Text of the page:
Proposal Seeks To Give Feds Authority To Down Any Drone Deemed Safety, Security Threat

WASHINGTON, D.C. — A White House proposal seeks to grant federal officials the power to monitor and destroy any unmanned aircraft system deemed a safety or security threat to government facilities and operations, according to a draft of the legislation.

Published May 23 by the New York Times, the document is making rounds in Congressional committees and could become part of the next National Defense Authorization Act currently in the works.

If signed into law in its current form, the proposal would allow federal department and agency heads to authorize any member of the Armed Forces; federal officers, employees, agents, or contractors; or any other designated individual to track and eliminate threatening UAS, also called drones, and their payloads by use of force.

Drone operators could find themselves in hot water and out an aircraft for flying near some government buildings and property or interfering with government operations such as search and rescues, firefighting, medical evacuations, fugitive apprehensions, emergency response and military training and testing.

The proposal comes as security concerns about drones grow in tandem with the technology’s expanding presence and accessibility.

The document notes that drones are “commercially available, challenging to detect and mitigate, and capable of carrying harmful payloads and performing surveillance while evading traditional ground security measures.”

If a drone is determined to be a safety or security threat, the proposal would give federal officials the ability to:

  1. “Detect, identify, monitor or track, without prior consent, an unmanned aircraft system, unmanned aircraft, or unmanned aircraft’s attached system, payload, or cargo, to evaluate whether it poses a threat to the safety or security.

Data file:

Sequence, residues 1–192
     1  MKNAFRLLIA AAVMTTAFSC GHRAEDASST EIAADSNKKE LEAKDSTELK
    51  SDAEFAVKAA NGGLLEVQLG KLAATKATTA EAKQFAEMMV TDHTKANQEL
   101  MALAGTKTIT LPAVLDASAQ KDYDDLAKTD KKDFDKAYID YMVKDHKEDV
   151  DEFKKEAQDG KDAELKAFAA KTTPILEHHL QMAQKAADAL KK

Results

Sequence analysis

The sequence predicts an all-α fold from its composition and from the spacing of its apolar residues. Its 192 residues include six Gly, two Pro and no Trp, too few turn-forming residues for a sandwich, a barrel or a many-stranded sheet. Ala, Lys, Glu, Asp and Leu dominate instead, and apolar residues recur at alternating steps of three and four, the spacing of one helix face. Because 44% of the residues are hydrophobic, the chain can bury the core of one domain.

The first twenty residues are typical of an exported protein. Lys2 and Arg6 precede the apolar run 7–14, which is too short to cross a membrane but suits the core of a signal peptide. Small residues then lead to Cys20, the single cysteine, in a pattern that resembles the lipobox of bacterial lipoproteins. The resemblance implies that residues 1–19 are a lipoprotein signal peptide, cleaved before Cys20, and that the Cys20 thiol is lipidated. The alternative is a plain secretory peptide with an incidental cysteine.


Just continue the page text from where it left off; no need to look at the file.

2. “Redirect, disable, disrupt control of, exercise control of, seize, or confiscate, without prior consent, an unmanned aircraft system, unmanned aircraft, or unmanned aircraft’s attached system, payload, or cargo that poses a threat to the safety or security.
  3. “Use reasonable force to disable, disrupt, damage, or destroy an unmanned aircraft system, unmanned aircraft, or unmanned aircraft’s attached system, payload or cargo that poses a threat to the safety or security.
  4. “Conduct research, testing, training on, and evaluation of any equipment, including any electronic equipment, to determine its capability and utility to enable any of the actions described in paragraphs (1) through (3).”

Examples of departments that could exercise their authority included in the document are the U.S Department of Homeland Security, Department of Transportation, Department of Justice, Department of Defense, Department of Energy, Department of Agriculture, Department of the Interior and the Office of the Director of National Intelligence.

If an aircraft, payload or system is destroyed or seized in such circumstances, it would be forfeited to the federal government, according to the document. Court cases seeking damages also could not be filed against federal officials taking action to eliminate threatening drones under the proposal.